Honda’s own archive explained that the first Accord’s design team was split into two competing teams. The winning team’s design was influenced by a Lotus Elite, with the low slung British sports car’s lines adapted to the Accord’s more family friendly requirements.
The other design submitted had a more conventional two-door coupe styling.
In Harmony And Agreement
When it was time to launch the Project 671 in 1976, Honda decided to name the product ‘Accord.’ The people behind Project 671 liked its meaning - in harmony and agreement, which they felt fully represented the ideals of Project 671.
The first two door Accord hatchback went on sale in Japan in May 1976. The sales target was 4,000 units per month but Honda dealers were swamped with over 9,000 orders in the first month alone, swelling to 10,000 orders by June.
A sedan variant was added variant in October 1977, boosting Accord’s exports to USA from 18,643 units in 1976 to 75,995 units by the end of 1977.
Class Leading Innovations
The Accord was one of the earliest models in its class to adopt a five-speed manual transmission. Older readers will certainly recall the ‘5-Speed’ badge at the rear of the first generation Accord.
It was also the first to come with a dashboard-integrated air-conditioning system. In the ‘70s, air-conditioning was considered as an optional item, and was often installed aftermarket as an accessory item, suspended below the dashboard.
In those days, most non-luxury cars didn’t have a boot release latch inside the car. To open the boot, one had to get out of the car and open the boot with a key. The Accord was one of the earliest models in its class to have a cable operated boot release latch next to the driver’s seat.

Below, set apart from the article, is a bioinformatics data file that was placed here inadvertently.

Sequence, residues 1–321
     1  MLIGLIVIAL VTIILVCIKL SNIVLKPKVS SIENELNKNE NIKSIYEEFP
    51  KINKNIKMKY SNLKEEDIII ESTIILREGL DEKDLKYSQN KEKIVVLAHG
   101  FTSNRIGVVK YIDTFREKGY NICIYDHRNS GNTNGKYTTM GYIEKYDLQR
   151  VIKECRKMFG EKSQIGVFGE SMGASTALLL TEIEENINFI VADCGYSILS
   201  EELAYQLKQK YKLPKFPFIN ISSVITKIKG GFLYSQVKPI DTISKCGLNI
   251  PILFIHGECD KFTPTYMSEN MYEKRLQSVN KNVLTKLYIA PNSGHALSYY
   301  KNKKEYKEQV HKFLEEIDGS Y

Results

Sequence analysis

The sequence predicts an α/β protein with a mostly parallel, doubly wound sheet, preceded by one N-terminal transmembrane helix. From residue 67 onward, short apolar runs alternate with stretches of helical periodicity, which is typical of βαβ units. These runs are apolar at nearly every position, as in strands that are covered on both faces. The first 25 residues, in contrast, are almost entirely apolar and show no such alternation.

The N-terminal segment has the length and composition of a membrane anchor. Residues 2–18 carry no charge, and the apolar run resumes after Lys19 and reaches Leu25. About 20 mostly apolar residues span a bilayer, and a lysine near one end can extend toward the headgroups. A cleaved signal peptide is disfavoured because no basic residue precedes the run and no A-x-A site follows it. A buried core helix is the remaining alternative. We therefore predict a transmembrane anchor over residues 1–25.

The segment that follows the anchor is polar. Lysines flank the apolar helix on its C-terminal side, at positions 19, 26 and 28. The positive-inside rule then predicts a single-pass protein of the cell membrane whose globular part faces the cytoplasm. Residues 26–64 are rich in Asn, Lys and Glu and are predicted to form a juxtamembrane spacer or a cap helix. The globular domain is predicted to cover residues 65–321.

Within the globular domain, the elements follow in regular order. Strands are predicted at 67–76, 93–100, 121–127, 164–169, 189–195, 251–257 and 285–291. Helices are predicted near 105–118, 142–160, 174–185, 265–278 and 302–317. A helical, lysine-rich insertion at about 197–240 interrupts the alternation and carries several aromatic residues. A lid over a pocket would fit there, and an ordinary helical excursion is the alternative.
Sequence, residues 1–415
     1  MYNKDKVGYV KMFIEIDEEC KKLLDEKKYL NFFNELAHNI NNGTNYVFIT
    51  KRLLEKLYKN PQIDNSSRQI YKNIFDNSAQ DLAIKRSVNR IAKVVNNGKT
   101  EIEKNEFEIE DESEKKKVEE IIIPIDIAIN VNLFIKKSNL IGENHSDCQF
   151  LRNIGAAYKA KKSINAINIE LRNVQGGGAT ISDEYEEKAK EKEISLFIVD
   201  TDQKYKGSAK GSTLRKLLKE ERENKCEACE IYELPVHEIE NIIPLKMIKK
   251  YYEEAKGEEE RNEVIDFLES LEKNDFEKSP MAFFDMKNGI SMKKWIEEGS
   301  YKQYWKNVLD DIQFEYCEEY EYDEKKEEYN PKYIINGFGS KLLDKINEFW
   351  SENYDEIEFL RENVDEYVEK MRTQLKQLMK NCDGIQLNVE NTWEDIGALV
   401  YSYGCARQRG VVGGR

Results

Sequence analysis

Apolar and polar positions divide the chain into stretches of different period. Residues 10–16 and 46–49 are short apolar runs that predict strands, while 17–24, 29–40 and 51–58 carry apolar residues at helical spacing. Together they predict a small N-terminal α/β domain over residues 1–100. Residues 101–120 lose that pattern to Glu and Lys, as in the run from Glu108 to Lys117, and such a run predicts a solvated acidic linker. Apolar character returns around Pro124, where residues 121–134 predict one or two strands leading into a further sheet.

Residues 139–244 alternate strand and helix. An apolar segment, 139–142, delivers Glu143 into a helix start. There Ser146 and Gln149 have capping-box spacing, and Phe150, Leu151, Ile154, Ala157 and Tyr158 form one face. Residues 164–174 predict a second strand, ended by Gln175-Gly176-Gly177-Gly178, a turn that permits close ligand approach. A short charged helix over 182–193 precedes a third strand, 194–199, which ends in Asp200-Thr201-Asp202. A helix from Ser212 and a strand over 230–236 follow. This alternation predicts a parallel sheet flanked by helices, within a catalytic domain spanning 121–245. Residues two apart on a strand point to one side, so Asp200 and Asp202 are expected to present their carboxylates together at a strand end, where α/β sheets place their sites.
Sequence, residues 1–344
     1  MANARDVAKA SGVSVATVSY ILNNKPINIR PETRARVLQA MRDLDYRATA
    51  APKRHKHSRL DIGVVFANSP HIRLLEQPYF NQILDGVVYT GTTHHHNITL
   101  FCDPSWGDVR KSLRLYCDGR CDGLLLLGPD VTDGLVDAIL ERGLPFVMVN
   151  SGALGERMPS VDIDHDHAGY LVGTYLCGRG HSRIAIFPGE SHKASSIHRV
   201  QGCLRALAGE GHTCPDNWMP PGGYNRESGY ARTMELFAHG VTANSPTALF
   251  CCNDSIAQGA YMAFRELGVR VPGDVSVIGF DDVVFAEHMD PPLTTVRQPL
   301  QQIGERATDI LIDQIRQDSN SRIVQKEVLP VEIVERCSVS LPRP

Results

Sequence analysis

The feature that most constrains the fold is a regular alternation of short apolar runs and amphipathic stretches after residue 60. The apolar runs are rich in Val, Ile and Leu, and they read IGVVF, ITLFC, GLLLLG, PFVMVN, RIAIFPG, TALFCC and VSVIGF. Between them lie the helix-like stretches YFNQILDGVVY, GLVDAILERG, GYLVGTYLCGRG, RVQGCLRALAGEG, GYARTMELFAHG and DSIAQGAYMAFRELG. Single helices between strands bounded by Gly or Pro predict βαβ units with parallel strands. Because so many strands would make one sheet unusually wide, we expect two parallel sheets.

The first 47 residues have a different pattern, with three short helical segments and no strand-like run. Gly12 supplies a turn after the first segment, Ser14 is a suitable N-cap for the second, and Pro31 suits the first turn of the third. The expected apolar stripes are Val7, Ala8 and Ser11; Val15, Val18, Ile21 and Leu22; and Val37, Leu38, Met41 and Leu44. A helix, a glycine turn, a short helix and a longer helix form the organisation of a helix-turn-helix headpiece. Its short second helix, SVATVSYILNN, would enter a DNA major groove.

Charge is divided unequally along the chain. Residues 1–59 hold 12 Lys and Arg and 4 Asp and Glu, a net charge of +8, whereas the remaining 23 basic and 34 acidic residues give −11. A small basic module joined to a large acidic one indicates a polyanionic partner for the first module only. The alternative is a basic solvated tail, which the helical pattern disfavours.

Higher range variants were also fitted with power steering.
The Student Has Become The Teacher
While the Civic had established Honda’s reputation in export markets, it was the Accord that signalled the coming of age of Honda as a maker of high quality, world-class vehicles.
Kawamoto recalled that in one of visits to Ford R&D facility where he was once stationed, he spotted a new Accord in the parking lot and overheard a Ford staff saying “The new Honda car is really amazing.” This was shortly after the launch of the second generation Accord in the US, the first Japanese car to be made in USA.
Honda has finally come full circle. Like many pioneers of Japan’s automotive industry. Ford was an inspiration to Honda’s founder Soichiro Honda.
Soichiro was a huge fan of Henry Ford. He thought himself automotive mechanics by repairing Ford Model Ts in his Art Shokai workshop in Hamamartsu. He adapted Henry Ford’s moving production line to produce his Super Cub. Sochiro's first race car was the ‘Hamamatsu’, which he built using a four cylinder Ford engine and chassis.